It is not mass production but production by the masses, Mahatma Gandhi and that is the economics of the entire www and mobile economy to be leveraged

Chris Nonya
Chris Nonya

So do I understand this correctly? The workforce in America (Drivers, Teachers, Chefs, Waiters, etc) will take part in a form of a share economy system to only benefit the CEO of a Share Economy System. This is frightening to read, as it is proof that the Middle Class is going to fall and disappear faster than ever. The gap of SUPER WEATHY and SUPER POOR is the only thing that will be of existence. The small family owned businesses in this country are more at risk that ever before. This new Share Economy vision will affect every type of industry as time goes on if this "CEO" has it his way. THE BIGGER PICTURE HERE is that this CEO is using homeowners and putting them at risk so that he (The CEO) can become richer without having any risk involve. Is there a share economy for the CEO's of these tech companies?? Hmm.... Nope and that is why they love it. They are in total control and will not lose a dime. Hilarious how they basically criticize/crucify capitalism, when they are the ones ABUSING THE ASPECT OF CAPITALISM to the extreme.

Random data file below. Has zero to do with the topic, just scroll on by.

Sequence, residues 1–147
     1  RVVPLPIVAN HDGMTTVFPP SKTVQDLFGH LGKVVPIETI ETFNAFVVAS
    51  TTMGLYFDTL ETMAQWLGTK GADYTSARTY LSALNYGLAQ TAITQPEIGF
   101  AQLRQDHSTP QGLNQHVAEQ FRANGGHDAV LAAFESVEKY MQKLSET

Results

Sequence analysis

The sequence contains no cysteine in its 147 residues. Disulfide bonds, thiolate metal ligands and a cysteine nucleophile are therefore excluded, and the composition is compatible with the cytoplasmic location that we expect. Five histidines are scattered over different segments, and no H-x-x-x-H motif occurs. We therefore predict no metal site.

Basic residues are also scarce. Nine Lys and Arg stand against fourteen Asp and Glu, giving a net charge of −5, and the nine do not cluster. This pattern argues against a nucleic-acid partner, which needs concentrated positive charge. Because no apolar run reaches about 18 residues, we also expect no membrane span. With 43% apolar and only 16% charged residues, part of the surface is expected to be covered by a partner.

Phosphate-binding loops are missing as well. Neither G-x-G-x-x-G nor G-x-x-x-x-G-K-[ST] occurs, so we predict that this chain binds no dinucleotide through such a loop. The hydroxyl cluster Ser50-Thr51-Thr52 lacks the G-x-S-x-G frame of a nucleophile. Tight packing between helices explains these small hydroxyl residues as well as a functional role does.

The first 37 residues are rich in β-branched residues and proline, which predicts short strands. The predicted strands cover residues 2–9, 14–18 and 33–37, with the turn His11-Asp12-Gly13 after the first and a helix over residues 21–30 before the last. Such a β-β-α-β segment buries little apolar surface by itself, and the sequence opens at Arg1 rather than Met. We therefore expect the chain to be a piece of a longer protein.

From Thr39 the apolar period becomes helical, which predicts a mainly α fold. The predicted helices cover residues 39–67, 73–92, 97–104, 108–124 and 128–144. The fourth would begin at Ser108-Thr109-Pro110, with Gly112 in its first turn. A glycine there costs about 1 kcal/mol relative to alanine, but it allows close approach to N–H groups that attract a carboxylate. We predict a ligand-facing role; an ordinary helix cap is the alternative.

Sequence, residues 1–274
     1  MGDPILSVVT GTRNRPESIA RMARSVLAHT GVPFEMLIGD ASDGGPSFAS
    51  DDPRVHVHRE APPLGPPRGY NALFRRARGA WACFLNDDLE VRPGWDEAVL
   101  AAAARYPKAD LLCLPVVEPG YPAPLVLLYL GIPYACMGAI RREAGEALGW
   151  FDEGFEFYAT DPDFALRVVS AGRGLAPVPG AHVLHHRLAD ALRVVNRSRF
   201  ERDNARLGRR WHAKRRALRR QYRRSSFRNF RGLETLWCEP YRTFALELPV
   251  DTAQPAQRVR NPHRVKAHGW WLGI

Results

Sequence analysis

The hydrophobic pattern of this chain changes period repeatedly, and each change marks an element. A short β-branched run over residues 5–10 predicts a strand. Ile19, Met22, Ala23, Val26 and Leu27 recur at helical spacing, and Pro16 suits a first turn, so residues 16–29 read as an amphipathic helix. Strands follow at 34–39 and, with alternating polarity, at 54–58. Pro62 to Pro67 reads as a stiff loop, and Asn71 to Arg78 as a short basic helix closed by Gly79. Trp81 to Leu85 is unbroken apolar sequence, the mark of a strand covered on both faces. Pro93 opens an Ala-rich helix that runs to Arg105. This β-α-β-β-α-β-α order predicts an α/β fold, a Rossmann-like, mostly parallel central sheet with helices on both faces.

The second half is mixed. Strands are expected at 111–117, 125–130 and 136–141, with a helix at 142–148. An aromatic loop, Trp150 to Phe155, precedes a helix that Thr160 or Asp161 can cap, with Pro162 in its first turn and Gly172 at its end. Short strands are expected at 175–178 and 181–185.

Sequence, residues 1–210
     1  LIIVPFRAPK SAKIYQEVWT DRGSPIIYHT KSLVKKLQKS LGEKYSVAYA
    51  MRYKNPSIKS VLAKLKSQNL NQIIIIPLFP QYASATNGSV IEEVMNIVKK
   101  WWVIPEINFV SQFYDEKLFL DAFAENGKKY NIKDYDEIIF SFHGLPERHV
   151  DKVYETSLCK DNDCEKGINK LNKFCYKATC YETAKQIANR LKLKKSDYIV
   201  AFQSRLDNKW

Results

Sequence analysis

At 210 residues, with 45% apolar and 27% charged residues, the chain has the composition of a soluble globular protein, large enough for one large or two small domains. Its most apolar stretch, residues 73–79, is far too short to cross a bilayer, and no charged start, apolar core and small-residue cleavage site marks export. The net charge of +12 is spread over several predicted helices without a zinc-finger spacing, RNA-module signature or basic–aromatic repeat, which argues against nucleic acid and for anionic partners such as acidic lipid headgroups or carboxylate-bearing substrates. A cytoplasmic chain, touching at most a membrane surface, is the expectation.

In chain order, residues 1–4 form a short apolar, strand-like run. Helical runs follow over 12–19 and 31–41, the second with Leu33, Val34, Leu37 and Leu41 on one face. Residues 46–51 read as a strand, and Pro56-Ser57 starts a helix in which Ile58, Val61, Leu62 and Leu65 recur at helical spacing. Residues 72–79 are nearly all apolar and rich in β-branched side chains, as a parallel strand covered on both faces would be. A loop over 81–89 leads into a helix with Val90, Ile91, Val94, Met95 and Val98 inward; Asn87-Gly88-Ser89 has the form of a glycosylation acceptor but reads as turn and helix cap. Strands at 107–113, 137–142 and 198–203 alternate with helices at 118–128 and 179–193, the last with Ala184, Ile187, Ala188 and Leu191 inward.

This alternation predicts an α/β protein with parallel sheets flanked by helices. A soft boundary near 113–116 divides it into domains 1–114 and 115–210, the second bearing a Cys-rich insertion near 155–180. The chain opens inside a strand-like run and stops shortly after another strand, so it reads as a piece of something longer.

Chris Nonya
Chris Nonya

So do I understand this correctly? The workforce in America (Drivers, Teachers, Chefs, Waiters, etc) will take part in a form of a share economy system to only benefit the CEO of a Share Economy System. This is frightening to read, as it is proof that the Middle Class is going to fall and disappear faster than ever. The gap of SUPER WEATHY and SUPER POOR is the only thing that will be of existence. BIGGER PICTURE HERE is that this CEO is using homeowners and putting them at risk so that he can become richer without having any risk involve. Is there a share economy for the CEO's of these tech companies?? Hmm.... Nope and that is why they love it. They are in total control and will not lose a dime. 

Monty Kosma
Monty Kosma

Yep - we're bringing back the world of George Bailey's Building & Loan. Casey Fenton

Chelsea Rustrum
Chelsea Rustrum

Yeah, this is really good - saw it earlier from my Google Alerts. Thanks! :)

Brian Vent
Brian Vent

answer - "helping people help themselves".

Chris Grey
Chris Grey

Interesting and positive vision, though it does conflict with some basic things about people and how they interact with each other.

Randy White
Randy White

Airbnb just sent me a free carbon monoxide detector for the home I rented out to some wonderful folks. They are kicking ass. The next big money comes from the natural progression of aggregating the best selection and prices of Sharing Economy verticals into a single search, like Orbitz and Kayak do for flights. Bright Neighbor is on it: http://t.co/8B0rnrlDRG

Steve Kling
Steve Kling

Here's an 8th quote: "We don't make a profit and we're subject to governmental litigation at every turn."